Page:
Can technology fill the elderly care gap? Care Home Funding Advocates follows the story.

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With the proportion of over-65s on the increase, Britain is facing a crisis when it comes to care of the elderly. Is technology the answer?

‘Because of my hips and knees, all my spring has gone. Once I am on the floor, I can’t get up, at all. I can’t raise myself. So I have to have my panic button. They come and unroll this big square thing, and push it under my seat, switch on the machine and it very gently lifts me. Once I’m up I can stand, but I can’t get up from ground level at all. I just have to have help, and they have been wonderful for me.’


I am sitting with Edith Garside in her neat Peak District bungalow. The room is colourful and warm, particularly so in contrast to the cold day outside. Mrs Garside is 90 years old and untouched by any mental deterioration. As we wait for one of her regular wardens to arrive, she is telling me about the care service, which she often uses. The button hangs around her neck like a piece of functional jewellery, and in the case of a fall or any other emergency, it can alert a warden within minutes. In itself it is not a complicated piece of equipment and has been around for some time, but it marked the beginning of the use of technology to prolong independent living.

In recent years there has been an explosion in technological innovation in the field of elderly care. Mrs Garside and her warden are, in their different ways, at the coalface of the looming crisis of how we are going to care for the elderly in our ageing society. We are facing a future where a shrinking workforce is going to have to support a growing population of older people. The number of over-65s in Britain stood at 15 per cent in 1985. By 2010 this had risen to 17 per cent – an increase of 1.7 million. It is projected that by 2035 those over 65 will make up 23 per cent of the population. A cursory glance at numbers like these explains why the race is on to find technological solutions to elderly care, motivated by a need both to improve services and to save costs.

Much of the technology in development can be broadly broken down into two camps. One is monitoring and surveillance, whereby electronic devices keep track of a person’s medical condition and automatically alert health care staff when intervention is required. Sensors can also be fitted into the home that will alert staff if, for example, someone is not in bed when they should be, a sign that something may have gone wrong.

The other main area of active research is assistive technologies, which can range from a simple device to help an arthritic hand turn on a tap, to a robotic machine that is able to spoon-feed an older person without the need for health care staff attention.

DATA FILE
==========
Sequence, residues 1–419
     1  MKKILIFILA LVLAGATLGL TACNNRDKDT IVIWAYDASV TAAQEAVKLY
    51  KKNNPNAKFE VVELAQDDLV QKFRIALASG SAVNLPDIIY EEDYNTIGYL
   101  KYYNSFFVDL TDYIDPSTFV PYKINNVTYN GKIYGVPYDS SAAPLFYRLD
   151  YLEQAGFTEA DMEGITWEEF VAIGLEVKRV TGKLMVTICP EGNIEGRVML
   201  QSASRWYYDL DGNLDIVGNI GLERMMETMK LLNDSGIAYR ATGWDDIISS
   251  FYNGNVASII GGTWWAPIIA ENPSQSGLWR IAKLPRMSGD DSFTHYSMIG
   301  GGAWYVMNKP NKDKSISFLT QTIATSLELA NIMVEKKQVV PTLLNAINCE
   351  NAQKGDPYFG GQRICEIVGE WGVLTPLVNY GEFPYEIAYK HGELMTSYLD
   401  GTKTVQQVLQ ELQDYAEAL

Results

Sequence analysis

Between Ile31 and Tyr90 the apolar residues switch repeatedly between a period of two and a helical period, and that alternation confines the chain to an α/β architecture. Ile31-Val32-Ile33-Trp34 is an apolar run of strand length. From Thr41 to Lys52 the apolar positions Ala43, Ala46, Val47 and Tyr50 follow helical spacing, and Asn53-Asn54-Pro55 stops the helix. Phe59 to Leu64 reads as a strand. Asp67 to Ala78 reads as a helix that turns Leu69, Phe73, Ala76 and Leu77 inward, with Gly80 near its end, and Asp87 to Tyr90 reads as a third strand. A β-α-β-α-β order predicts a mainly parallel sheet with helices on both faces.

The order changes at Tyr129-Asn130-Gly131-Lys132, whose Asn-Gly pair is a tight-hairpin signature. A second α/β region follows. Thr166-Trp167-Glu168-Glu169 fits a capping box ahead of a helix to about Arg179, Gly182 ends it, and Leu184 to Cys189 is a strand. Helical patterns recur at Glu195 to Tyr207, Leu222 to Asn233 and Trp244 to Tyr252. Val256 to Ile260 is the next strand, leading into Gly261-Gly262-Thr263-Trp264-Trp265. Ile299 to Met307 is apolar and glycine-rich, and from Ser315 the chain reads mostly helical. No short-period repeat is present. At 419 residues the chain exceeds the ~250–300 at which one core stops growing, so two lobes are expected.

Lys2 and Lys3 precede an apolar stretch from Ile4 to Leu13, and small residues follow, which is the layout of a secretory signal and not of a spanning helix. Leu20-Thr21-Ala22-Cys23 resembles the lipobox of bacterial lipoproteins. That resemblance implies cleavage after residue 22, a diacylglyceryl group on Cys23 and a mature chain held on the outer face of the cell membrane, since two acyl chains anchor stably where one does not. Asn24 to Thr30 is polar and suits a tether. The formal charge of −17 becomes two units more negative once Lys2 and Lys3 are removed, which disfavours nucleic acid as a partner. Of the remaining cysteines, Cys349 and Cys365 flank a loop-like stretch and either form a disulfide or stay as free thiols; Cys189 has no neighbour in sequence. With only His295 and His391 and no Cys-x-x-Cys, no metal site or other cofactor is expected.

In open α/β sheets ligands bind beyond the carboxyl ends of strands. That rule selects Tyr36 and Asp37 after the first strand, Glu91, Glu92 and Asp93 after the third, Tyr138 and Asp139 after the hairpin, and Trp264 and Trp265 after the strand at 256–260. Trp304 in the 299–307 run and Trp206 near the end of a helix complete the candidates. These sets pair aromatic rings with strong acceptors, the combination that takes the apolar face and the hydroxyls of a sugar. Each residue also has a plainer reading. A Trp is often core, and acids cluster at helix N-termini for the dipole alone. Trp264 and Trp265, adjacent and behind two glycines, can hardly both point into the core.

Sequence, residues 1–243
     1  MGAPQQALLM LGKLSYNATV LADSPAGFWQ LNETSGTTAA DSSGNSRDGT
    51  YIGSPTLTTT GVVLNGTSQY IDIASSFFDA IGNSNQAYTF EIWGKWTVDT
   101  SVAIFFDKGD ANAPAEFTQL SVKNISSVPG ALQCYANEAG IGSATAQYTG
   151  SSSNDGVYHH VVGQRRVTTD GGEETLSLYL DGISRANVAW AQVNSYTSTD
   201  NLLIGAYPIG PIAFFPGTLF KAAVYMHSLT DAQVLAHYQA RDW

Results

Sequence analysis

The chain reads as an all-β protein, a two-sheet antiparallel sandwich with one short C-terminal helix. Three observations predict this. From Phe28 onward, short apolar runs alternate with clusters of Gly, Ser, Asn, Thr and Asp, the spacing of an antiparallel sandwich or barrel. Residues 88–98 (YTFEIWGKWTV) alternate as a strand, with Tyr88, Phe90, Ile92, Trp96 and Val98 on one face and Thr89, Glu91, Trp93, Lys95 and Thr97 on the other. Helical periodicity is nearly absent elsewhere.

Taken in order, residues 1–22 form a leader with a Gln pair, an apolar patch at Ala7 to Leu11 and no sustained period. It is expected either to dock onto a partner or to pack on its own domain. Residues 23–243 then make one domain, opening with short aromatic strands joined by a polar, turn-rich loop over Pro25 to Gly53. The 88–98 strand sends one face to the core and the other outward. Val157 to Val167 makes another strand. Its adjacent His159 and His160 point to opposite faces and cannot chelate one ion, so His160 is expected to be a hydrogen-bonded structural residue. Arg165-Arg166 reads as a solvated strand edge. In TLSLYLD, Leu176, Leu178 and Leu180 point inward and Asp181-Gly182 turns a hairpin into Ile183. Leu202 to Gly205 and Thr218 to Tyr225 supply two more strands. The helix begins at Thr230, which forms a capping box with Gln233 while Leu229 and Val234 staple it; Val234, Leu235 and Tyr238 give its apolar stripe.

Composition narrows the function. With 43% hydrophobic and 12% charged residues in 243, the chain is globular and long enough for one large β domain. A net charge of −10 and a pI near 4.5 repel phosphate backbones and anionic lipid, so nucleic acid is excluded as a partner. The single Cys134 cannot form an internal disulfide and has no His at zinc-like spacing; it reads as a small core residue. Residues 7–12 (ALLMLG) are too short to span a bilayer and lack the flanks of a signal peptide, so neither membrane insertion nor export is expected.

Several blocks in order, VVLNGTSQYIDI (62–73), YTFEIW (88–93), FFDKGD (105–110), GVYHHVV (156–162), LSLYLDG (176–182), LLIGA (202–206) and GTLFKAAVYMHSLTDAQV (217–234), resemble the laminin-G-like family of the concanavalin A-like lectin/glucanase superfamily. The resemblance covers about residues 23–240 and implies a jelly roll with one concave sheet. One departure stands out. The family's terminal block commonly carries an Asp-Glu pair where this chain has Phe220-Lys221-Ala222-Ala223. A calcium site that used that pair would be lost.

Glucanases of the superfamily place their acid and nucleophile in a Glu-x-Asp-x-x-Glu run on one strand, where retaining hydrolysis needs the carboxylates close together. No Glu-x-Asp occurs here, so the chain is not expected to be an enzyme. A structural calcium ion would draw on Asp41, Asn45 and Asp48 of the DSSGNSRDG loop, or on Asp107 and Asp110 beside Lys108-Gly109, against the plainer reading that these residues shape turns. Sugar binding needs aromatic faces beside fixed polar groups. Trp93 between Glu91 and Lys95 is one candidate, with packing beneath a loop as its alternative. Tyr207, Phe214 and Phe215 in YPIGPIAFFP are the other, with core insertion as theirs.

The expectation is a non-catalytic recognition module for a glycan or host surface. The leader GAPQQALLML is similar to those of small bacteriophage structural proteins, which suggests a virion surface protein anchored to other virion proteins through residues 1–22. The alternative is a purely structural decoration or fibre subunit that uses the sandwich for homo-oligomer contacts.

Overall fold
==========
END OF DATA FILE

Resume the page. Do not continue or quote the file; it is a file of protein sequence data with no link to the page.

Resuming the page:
Care Home Funding Advocates can report that much of this technology is designed to be fitted into the home to allow independent living for as long as possible. According to Prof James Goodwin, the head of research for Age UK, ‘We are not far from the day when people routinely have their health monitored from home.’

On the face of it, prolonging independent living is a laudable aim, but some argue that it has the potential for abuse. Health care provision is a delicate balancing act between service levels and cost, and while many of these technologies can be used to improve the quality of older people’s lives, it can also be much cheaper to keep people in their homes rather than occupying hospital beds. Like the criticism once levelled at care in the community, some are concerned that it may be the right policy for the wrong reasons.

Dr Christine Brown Wilson, the programme director at the University of Manchester’s School of Nursing, Midwifery and Social Work, has an optimistic view of how these new technologies will be applied. She sees a future where technology will be used to perform the routine tasks, leaving staff more ‘quality time’ to spend with those in their care. ‘I think we have to realise that we are in charge of the technology,’ Brown Wilson, who has a background in practical nursing, says. ‘The technology doesn’t have to guide us; we have to guide the technology.’

Others though, such as Prof Noel Sharkey, an expert in the field of robotics at the University of Sheffield, warn of the potential for a future where cutting corners and costs leads to the elderly becoming little more than prisoners in their own homes, socially isolated and tended to largely by machines. ‘People will say, “Oh, that’s science fiction,”’ Sharkey says, ‘but it is not.’ He estimates that the technology will be there to allow such fiction to become a reality within a decade.

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